Some colleges are offering virtual live tours with student tour guides as well. There are a few colleges and universities that are offering drive-through campus visits. While others are opening up limited in person campus visits: only 4 a day and only one student & one guest per visit.
In addition, here is a great website I have been recommending to my clients for years for virtual college tours. https://www.youniversitytv.com/category/college/
So while COVID-19 has changed the manner in which students and families can get to know and get a feel for colleges, there are many opportunities to interact with college staff and students and to “see” the colleges and universities you are considering for your educational home for the next four years!
As high school seniors and recent college grads begin their college or grad school planning, one question I am getting from clients is, “What about the SAT/ACT? Do I have to take it?” or “Should I take the graduate exam?” Although the College Entrance Exams (SAT & ACT) or any number of Graduate Entrance Exams, (GRE,GMAT,LSAT,or MCAT anyone??) are not exactly extinct, the current environment has crippled the industry’s ability to schedule the tests and many colleges and grad schools are suspending the requirement for the 2021-2022 admissions cycle.
On the undergraduate level, colleges have been stepping away from requiring SAT or ACT test scores as part of the admissions process and making them optional for over the last 10 to 15 years or so. In addition, each year colleges and universities are dropping the requirement all together. This trend has been a reaction to accusations that the tests are racially and socio-economically biased. Enter COVID-19 and starting last Spring the College Board, which offers the SAT and ETS which offers the ACT, have had to cancel close test sites and cancel tests.The National Center for Fair & Open Testing (FairTest.org) states the two-thirds of US colleges and universities are test optional or test-blind for fall of 2021 applicants.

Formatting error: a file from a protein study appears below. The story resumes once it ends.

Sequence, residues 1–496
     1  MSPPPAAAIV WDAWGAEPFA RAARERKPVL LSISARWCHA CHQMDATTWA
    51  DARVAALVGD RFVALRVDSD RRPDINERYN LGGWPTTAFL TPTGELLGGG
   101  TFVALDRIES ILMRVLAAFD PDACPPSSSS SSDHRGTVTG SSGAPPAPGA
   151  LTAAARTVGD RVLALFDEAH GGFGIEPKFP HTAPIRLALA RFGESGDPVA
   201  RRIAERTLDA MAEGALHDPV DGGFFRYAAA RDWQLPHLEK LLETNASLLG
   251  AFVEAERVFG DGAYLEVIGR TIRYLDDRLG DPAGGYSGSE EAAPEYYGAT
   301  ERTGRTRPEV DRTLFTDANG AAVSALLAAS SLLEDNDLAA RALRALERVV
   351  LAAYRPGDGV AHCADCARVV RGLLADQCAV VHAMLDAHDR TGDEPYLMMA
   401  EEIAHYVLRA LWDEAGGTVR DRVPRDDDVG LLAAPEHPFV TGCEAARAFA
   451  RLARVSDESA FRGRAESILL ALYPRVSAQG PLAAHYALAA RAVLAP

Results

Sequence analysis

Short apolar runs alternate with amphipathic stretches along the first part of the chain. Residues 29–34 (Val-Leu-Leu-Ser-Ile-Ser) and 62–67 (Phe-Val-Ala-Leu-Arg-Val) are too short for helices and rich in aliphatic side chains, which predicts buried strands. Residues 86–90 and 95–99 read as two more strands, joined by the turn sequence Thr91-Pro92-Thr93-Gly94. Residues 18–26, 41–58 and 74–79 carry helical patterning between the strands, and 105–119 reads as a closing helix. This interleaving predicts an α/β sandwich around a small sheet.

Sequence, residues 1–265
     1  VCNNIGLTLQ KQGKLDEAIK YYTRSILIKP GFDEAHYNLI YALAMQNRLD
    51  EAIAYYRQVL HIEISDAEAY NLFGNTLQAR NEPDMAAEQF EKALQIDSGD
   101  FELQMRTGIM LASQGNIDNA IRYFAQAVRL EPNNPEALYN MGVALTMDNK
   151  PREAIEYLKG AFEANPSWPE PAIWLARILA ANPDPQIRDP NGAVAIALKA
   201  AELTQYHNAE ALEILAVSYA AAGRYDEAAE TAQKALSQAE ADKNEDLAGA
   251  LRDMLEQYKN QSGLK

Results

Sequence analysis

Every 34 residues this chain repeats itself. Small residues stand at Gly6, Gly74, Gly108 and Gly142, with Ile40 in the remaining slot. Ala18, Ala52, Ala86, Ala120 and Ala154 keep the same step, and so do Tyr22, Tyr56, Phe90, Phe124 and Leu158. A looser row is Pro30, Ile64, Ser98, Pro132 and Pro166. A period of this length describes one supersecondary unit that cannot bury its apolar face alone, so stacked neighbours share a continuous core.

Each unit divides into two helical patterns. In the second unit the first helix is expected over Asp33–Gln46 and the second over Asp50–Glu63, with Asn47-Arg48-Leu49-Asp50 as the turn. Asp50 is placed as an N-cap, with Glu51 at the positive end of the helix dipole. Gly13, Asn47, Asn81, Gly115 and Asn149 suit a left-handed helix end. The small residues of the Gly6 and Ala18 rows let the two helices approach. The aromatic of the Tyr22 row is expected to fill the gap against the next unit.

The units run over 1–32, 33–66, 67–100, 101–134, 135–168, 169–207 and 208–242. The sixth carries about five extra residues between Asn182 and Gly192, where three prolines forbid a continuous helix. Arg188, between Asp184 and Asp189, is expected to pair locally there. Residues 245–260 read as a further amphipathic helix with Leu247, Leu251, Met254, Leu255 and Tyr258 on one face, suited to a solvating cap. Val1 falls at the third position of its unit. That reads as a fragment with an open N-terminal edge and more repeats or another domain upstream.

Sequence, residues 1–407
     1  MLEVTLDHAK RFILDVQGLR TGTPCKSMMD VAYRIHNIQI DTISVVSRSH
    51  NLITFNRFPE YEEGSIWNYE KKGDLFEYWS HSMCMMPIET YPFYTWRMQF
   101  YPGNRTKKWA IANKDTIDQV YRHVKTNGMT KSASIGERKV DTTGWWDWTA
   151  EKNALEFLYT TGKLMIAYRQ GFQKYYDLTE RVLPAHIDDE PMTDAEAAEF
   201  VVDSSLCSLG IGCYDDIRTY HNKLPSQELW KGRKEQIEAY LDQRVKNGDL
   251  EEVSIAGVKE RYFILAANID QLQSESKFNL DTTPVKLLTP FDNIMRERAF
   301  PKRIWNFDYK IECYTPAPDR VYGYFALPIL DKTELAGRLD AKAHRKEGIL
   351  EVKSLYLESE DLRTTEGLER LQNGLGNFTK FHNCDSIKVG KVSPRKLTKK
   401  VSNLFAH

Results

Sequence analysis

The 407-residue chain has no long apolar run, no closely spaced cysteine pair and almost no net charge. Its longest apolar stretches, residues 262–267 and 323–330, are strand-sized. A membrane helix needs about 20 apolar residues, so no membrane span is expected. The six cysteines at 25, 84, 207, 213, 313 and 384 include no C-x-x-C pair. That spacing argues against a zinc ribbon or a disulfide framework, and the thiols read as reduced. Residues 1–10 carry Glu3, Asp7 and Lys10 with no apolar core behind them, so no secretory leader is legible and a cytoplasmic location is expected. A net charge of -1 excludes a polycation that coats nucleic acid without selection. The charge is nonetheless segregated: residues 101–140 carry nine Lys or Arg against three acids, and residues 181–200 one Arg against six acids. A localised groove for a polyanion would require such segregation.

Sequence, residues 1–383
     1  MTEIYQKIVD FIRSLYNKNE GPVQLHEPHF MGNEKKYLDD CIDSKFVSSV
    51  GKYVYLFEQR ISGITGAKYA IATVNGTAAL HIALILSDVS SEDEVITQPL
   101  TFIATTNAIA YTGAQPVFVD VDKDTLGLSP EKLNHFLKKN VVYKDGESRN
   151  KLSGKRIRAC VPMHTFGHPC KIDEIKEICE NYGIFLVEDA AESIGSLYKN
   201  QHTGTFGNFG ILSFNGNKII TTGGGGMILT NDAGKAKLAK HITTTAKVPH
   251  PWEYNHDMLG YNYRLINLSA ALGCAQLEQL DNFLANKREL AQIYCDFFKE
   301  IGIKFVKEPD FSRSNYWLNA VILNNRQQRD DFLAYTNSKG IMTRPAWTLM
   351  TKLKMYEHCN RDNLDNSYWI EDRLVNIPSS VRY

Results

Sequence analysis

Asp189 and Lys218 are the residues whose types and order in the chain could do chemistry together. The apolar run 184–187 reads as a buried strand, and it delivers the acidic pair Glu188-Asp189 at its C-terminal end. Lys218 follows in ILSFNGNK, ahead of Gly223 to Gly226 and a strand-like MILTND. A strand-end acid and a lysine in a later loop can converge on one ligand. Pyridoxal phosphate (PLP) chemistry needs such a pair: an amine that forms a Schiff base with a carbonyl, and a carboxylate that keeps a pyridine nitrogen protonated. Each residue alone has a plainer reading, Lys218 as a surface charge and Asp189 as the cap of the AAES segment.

Similarly the many graduate schools have also decided to suspend the requirement to submit graduate exams as part of the graduate school admissions process for the 2021-2022 admissions cycle.
There are exceptions of course, especially in some competitive fields such as nursing, both on the undergrad and grad level.
If the undergraduate college or university graduate program to which you are applying is test optional, before you make your decision regarding scheduling your test there are a few things to consider.
- Do you or a family member have a health issue that makes you at risk for contracting COVID-19?
- Is the college test optional?
- Is the college test-blind? Meaning, if you take and submit your test scores will they be included in your application review or not?
- If students take the exam and you don’t, will you be at a disadvantage?
- What are the safety precautions being taken at the testing site?
- If you don’t take the exam, what can you do to strengthen your admissions application?
For a list of colleges that are test optional go to: https://www.fairtest.org/